Measuring Gas Cost

In order to determine how much gas (many cycles) of the EVM (Ethereum virtual machine) each option takes, we need to measure them.

There are many useful blockchain features such as a system function called gasleft() that reports how much gas is left for the running contract, and it is also possible to pass functions to other functions. We can use these features to provide a function that will measure the gas cost of a given function, fun:

function GasCost(string memory name, 
function () internal returns (string memory) fun)
internal returns (string memory)
{
uint u0 = gasleft();
string memory sm = fun();
uint u1 = gasleft();
uint diff = u0 - u1;
return concat(name, " GasCost: ", stringOfUint(diff),
" returns(", sm, ")");
}

Since the functions we are measuring use different linkage, it is necessary to invoke the function under test with a small internal wrapper function. We can measure the overhead of that facility and subtract the overhead gas cost from the measured function gas cost.

function AbiEncode() internal pure returns (string memory) {
// (1) As facilitated by the compiler
string memory sm0 = "0";
string memory sm1 = "1";
return string(abi.encodePacked(sm0, sm1));
}
function BaseInternal() internal pure returns (string memory) {
// (2) Inherited from a base contract with internal call
string memory sm0 = "0";
string memory sm1 = "1";
return Base.Internal(sm0, sm1);
}
// and in a similar manner for:
    // (3) Inherited from a base contract with external call
return Base.External(sm0, sm1);
    // (4) Accessed from a component contract with external call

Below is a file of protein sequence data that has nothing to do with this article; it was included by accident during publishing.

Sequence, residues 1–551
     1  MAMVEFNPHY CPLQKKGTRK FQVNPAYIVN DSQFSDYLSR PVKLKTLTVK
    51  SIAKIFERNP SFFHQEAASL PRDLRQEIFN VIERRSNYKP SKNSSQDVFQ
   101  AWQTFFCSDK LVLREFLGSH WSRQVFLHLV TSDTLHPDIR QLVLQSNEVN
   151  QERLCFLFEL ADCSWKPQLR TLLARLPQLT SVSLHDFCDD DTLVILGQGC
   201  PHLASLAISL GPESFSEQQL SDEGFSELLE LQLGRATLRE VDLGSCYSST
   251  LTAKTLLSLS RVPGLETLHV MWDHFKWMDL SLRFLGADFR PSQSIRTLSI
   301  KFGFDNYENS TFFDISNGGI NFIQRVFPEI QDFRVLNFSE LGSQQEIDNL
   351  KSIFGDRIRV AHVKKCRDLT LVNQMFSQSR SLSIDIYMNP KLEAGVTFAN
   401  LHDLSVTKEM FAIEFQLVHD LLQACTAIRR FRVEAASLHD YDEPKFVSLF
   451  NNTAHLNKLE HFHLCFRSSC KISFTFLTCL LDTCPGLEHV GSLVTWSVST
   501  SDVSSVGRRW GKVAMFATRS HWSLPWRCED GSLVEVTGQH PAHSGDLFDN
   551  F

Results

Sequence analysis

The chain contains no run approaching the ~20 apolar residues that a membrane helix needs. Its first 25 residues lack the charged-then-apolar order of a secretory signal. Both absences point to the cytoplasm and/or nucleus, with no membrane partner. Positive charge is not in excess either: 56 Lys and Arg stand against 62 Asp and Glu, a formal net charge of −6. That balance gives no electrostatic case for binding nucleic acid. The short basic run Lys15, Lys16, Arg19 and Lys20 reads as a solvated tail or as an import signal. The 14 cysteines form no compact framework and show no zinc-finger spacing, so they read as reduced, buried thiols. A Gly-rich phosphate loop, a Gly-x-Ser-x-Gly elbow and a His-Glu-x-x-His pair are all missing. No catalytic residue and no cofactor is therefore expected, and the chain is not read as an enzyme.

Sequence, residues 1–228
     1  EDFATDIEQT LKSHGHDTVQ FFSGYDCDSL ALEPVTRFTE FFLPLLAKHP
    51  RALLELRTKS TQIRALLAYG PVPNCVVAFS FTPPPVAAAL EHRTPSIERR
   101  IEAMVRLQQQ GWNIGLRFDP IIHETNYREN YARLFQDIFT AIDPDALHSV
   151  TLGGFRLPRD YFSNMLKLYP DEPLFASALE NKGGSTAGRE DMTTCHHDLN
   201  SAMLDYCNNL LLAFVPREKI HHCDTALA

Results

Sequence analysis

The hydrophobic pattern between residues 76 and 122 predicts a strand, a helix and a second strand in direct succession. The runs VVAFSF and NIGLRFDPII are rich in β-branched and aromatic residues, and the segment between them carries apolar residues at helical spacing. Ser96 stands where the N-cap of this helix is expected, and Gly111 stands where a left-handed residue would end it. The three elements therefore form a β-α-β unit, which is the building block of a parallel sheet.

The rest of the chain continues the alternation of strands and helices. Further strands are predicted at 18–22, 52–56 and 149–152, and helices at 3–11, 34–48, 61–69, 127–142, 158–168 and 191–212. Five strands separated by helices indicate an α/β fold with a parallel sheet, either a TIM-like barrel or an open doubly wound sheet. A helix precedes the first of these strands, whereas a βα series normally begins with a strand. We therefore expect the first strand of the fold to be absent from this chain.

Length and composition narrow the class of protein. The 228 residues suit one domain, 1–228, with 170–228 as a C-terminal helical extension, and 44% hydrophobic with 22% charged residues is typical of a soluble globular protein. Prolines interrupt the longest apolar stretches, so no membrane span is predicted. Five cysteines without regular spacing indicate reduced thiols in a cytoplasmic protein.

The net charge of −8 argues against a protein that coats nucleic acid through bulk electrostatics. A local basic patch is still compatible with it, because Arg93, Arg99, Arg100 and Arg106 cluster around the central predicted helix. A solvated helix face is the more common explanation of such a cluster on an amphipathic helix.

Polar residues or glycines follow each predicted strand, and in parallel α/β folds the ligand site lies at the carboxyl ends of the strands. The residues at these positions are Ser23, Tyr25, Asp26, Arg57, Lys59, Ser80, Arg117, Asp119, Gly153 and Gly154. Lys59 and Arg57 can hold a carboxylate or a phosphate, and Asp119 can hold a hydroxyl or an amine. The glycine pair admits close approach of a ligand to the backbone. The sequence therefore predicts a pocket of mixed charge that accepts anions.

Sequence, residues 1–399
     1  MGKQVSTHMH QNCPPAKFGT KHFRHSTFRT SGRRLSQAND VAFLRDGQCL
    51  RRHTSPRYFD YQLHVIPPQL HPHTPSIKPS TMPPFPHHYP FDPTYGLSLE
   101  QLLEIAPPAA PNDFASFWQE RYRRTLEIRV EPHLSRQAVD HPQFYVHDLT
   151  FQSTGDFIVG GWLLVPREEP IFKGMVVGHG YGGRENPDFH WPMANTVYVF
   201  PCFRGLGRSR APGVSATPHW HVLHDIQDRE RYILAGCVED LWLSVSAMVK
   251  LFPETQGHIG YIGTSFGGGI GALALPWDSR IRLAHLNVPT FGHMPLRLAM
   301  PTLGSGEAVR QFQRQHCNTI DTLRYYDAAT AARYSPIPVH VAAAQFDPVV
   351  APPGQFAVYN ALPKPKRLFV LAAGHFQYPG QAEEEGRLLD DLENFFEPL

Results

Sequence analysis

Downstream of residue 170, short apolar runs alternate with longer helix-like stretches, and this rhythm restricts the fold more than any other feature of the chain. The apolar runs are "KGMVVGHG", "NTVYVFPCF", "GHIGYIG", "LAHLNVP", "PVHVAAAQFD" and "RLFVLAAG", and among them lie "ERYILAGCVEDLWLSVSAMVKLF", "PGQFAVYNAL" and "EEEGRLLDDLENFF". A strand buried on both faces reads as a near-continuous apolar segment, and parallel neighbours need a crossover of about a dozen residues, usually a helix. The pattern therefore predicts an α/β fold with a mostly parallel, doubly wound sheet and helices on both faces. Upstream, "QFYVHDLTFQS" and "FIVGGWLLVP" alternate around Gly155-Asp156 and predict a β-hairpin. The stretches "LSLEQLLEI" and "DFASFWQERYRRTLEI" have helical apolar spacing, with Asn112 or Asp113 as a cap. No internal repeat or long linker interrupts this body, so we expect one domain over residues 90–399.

return component.External(sm0, sm1);
    // (5) Accessed from a library contract with internal call
return Library.Internal(sm0, sm1);
    // (6) Accessed from a library contract with external call
return Library.External(sm0, sm1);

Now we just need to collect the gas costs of each linkage method and report them:

string report;

function CreateReport() public returns (string memory s) {
s = concat(s, GasCost("AbiEncode ", AbiEncode));
s = concat(s, GasCost("BaseInternal ", BaseInternal));
s = concat(s, GasCost("BaseExternal ", BaseExternal));
s = concat(s, GasCost("ComponentExternal ", ComponentExternal));
s = concat(s, GasCost("LibraryInternal ", LibraryInternal));
s = concat(s, GasCost("LibraryExternal ", LibraryExternal));
report = s;
}

function ViewReport() public view returns (string memory) {
return report;
}

The report variable and the ViewReport function are not necessary but they will enable us to easily see the output in the Remix deployment window.

We can then copy the results to a spreadsheet and produce a graph like the one below.

Here is a table of the results using Remix v0.10.1, Solidity compiler v0.6.8:

Gas Costs for string concat using different Linkage Options

Note that all methods of calling an internal base contract or library function (2), (3) and (4) consume substantially the same amount of gas, the optimised versions unusually using slightly more gas than their unoptimised counterparts. The code of both base contracts and internal library functions will be included in the bytecode for your contract in these cases.

Also, it appears that the Solidity compiler is smart enough to call an external base class function using a direct call rather than a contract call (3).

The gas usage of these direct functions is dwarfed by the gas usage of external calls, either to a component contractor (4) or to a library (6).

Conclusions

Use any of the internal calling methods. We prefer internal library calls.

Using an external call to a public library function is very expensive, and will only be worth it to avoid including a lot of code into the bytecode for your contract.

Using a local contract component is the most expensive option and should be avoided unless essential.

Bio

Jules Goddard is Co-founder of Datona Labs, who provide smart contracts to protect your digital information from abuse.


Gas Cost of Solidity Library Functions was originally published in Coinmonks on Medium, where people are continuing the conversation by highlighting and responding to this story.